Little is known about this composer and organist. Born in 1863 in Andover, he began his musical studies at Winchester College Choristers’ School. He then went to the Royal Academy of Music in London, travelled to Munich and Berlin, and from 1895 served as a cathedral organist in Lincoln, where he also conducted the Festivals on various occasions.
What emerges by looking at a list of his works is that his compositions comprise two different strands: religious pieces, and music settings of a number of literary works (many of which are choral), including those of Percy Bysshe Shelley, Dante Gabriel Rossetti and, of course, Robert Burns. From this, and from his style, we may infer something more of the composer’s personality, musical education and, perhaps, personal interests. His work, and employment in the cathedral would undoubtedly have led him to a greater understanding of sacred music; at the same time he accompanies this with what appears to be a great deal of literary interest. From his setting of Burns’ ‘I love my Jean’ we can assume he received a firm traditional musical education: the markedly Victorian composition tells us he was much a man of his time.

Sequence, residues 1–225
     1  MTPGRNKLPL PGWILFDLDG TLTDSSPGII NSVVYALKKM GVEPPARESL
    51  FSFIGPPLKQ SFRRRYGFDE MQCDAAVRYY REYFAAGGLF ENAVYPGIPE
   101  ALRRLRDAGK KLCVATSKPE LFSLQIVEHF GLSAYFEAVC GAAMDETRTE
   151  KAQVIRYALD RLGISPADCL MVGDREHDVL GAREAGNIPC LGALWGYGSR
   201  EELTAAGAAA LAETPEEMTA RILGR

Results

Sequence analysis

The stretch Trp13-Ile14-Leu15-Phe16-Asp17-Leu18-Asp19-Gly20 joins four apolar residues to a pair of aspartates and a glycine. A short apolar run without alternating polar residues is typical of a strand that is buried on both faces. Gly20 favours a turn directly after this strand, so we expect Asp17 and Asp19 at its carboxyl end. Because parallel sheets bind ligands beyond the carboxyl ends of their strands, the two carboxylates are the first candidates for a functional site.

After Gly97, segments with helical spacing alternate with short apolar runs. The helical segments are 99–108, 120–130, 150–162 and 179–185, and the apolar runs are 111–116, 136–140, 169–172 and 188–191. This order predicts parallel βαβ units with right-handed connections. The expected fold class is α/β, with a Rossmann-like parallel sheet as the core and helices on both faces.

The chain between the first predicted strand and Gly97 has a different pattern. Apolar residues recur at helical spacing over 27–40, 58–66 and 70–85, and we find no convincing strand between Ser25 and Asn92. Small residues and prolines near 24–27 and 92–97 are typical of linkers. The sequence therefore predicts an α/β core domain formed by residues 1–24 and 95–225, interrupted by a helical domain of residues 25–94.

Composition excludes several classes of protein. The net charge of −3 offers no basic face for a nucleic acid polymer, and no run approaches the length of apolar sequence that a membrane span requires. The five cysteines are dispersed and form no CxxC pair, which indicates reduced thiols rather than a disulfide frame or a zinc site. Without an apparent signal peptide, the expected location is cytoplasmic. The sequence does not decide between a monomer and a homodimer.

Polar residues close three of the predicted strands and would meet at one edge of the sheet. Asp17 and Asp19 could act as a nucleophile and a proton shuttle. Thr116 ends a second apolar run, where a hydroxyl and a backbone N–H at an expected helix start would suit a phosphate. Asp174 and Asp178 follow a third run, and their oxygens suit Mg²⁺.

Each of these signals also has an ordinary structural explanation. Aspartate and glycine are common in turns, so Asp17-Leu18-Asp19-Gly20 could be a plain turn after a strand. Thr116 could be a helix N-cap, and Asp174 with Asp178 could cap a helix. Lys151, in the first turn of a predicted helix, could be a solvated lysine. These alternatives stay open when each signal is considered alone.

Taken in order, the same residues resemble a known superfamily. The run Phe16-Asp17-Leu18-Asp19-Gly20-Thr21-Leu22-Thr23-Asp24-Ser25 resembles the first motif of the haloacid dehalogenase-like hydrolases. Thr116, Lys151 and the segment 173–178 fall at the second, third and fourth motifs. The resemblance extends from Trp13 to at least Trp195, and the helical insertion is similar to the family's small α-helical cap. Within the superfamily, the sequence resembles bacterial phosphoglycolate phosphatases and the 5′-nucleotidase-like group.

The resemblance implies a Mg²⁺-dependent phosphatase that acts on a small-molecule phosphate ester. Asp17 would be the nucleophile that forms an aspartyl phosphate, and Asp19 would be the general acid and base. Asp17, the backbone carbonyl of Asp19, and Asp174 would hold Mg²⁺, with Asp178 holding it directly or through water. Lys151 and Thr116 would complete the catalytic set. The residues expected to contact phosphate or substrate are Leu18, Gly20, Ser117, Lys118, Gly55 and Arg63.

I Love my Jean
Bennett’s is a setting of Burns’ love song ‘Of a’ the Airts the Wind can Blaw’, with some textual variation. It is clearly rooted in his work as a church musician and composer; it is typical of much British Victorian sacred choral music.